Remember to always cut outside the lines and trim the remaining material off with a sander.

Baseball lamp bandsaw cut out on IPE

 

Baseball lamp bandsaw cut out on IPE 2

 

Clean Up Cuts

First, trim remaining material using a sander.  

I used a disc sander, but an orbital sander would work as well.

baseball lamp remove excess material from home plate on disc sander

 

Mark Baseball

First, make a mark on the baseballs in the same general area with a pencil.  

I chose an area on the ball that would minimize the logo/emblem once stacked on each other.

baseball lamp making drill mark

Also, I chose 4 baseballs because they fit on the threaded rod perfectly with about a half inch of thread remaining on each side.

 

Measure Lamp Rod

First, use a digital caliper, regular caliper, or any measuring device to measure the width of the threaded rod.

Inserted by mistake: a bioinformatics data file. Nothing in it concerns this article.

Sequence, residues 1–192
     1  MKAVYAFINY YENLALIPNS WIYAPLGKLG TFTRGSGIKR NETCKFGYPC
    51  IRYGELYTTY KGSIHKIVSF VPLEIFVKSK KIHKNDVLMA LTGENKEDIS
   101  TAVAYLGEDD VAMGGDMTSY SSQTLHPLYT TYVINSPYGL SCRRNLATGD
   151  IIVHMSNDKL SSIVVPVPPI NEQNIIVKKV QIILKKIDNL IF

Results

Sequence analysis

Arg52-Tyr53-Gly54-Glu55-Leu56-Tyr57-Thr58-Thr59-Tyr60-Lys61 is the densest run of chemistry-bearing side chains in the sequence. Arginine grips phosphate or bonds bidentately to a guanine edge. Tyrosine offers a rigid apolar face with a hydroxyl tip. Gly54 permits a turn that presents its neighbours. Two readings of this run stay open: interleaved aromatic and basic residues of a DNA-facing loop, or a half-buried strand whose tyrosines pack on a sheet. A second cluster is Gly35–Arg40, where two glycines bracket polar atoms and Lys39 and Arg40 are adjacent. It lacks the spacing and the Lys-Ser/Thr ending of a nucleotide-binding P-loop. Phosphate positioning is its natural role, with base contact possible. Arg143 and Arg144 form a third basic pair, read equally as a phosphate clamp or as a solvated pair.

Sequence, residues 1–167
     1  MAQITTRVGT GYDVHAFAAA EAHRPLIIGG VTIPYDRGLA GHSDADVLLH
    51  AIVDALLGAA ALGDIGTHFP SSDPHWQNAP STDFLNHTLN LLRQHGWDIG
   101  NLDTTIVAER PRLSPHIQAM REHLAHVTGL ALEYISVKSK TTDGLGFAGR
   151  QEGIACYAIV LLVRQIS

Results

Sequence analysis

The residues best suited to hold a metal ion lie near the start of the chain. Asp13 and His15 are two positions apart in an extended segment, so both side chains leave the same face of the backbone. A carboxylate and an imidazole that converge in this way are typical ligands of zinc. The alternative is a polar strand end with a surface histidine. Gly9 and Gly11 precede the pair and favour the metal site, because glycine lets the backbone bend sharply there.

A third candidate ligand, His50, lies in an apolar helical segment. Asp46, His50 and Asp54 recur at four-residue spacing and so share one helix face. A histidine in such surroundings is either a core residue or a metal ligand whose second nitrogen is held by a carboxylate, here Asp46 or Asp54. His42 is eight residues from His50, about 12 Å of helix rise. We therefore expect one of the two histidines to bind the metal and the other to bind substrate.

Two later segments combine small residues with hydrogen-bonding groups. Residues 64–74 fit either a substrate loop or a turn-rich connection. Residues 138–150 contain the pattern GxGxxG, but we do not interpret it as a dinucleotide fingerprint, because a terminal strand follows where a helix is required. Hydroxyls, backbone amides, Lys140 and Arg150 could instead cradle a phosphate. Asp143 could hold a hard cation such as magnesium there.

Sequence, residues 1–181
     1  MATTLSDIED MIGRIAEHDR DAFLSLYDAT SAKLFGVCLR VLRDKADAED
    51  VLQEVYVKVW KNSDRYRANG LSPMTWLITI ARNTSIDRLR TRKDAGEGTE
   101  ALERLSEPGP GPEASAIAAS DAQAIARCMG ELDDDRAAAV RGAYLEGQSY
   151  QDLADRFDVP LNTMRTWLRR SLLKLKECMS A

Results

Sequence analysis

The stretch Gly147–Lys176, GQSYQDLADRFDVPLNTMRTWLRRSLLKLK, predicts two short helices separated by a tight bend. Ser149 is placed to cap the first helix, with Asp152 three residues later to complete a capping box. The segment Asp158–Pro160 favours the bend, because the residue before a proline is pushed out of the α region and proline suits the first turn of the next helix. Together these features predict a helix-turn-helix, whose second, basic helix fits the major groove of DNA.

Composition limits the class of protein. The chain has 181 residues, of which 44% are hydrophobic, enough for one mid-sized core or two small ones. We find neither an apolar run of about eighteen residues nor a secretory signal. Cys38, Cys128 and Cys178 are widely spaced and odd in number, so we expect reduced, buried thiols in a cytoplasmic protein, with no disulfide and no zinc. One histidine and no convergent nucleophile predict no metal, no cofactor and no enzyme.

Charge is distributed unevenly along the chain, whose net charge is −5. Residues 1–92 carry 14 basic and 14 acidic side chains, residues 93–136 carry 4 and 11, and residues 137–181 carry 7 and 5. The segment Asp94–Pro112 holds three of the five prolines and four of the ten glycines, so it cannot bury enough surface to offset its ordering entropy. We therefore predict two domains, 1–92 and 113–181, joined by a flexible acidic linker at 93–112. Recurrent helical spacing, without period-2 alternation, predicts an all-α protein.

As you can see from the picture, the rod one is 3/8″.

baseball lamp measure width of threaded rod with digital caliper

 

Drill Hole in Baseball

First, secure the ball with clamps or a vise.

Next, drill a hole on the mark with the same size drill bit as the width of the rod. 

Essentially, This hole will be a bit too small for the rod.

However, it is better to have it too narrow rather than too wide.

The holes I drilled were too small for the rod to fit, so I stepped up to a 1/2″ bit.  

baseball lamp drill 3/8" hole in baseballbaseball lamp drilling 1/2" hole in baseball

Lamp Rod Assembly

First, place the baseballs on the threaded rod and secure them in place with the lock nuts/washers that came with the lamp kit.  

Next, make sure to leave about a half inch of threaded rod on each end so that it will be easy to secure the remaining lamp pieces and it can be attached to the base plate.